There is a new mantra cycling through my circle of friends. Once, highly frustrated with people refusing to participate as a community in the relatively benign measures necessary to end the pandemic, they’ve now forged their frustration into a different shape: there’s no point in trying to change “them.”

The circle is closed. Or, perhaps, it has been closed all along. Us. Them.

We spent the weekend in a special cabin with The Up North Gang. Walks in the woods. Pontoon boat rides seeking a sunny spot to anchor. Friends that heal what hurts. Laughter and wine. Occasionally, our conversation wandered into politics and pandemics, usually spurred by a local man posting cryptic and apocalyptic messages from deep within his conspiracy well. He is one of “them.”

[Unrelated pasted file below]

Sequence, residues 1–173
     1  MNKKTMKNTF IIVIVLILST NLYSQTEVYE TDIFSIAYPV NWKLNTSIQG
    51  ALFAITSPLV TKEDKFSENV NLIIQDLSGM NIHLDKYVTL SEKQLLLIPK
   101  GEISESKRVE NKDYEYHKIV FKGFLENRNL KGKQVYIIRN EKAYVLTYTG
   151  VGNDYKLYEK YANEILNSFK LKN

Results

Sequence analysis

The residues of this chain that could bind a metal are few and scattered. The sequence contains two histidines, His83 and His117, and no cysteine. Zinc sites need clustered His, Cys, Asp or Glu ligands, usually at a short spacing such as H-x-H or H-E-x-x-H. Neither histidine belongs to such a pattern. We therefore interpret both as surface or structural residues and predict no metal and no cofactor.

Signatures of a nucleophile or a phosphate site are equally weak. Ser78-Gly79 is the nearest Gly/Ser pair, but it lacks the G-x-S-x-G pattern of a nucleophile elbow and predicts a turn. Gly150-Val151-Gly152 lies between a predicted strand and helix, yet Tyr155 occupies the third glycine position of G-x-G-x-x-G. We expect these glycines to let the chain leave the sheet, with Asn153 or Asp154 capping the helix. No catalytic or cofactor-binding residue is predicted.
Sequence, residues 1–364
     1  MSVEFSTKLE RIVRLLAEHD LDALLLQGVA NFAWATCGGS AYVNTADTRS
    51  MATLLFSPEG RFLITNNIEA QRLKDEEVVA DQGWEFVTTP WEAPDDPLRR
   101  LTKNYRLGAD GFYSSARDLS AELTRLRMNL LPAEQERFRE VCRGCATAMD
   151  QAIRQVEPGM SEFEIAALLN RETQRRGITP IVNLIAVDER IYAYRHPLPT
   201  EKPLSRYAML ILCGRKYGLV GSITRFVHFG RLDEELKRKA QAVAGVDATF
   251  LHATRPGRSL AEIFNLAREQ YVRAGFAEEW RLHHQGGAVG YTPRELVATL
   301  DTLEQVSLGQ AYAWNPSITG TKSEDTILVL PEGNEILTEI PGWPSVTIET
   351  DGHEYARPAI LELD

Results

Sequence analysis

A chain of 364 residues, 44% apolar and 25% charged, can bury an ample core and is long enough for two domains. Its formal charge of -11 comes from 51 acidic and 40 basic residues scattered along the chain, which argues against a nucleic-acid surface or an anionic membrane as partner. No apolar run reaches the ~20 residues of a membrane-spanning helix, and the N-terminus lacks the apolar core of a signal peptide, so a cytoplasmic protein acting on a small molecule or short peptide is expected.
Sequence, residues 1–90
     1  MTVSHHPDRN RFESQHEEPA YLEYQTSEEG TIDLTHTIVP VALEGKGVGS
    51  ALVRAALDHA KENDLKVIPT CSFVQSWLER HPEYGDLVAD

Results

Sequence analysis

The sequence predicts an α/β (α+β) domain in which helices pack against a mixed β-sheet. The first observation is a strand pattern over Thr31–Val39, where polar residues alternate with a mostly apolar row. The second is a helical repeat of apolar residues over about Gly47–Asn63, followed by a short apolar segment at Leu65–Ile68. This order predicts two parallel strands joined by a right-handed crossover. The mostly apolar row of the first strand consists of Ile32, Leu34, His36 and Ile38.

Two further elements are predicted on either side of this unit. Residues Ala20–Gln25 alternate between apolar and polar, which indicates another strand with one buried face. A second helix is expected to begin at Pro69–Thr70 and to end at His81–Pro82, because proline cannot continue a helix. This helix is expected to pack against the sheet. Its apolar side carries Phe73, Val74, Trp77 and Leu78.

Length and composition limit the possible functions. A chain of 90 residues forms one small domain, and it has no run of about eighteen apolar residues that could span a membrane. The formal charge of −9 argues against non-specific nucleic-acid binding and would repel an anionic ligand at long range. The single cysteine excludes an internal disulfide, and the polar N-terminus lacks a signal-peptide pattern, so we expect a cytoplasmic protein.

“How can he believe this stuff?”

“Imagine everything he has to ignore to believe this stuff!”

“He’s always been a bit kookie.”

“There’s no point in reasoning with him.”

“There’s no point in writing a response, he’d just deny the facts, the court cases, the data, the science, the…”

There’s no point. That’s the mantra. There’s no point.

Us and Them. Together in the same boat. One half trying to rock the boat. The other half trying to keep it from flipping.

Exhaustion? Surrender?

“It’s like they’re drowning in bad information,” she said,

He replied, “And, there’s no sense throwing them a rope, they’d refuse to take it.”

“We have thrown them a rope,” she added. “It’s called the vaccine.”

We laugh a sad laugh, shaking our heads. What’s the point?

read Kerri’s blog post about Safe Together

Place It In The Hollow [on DR Thursday]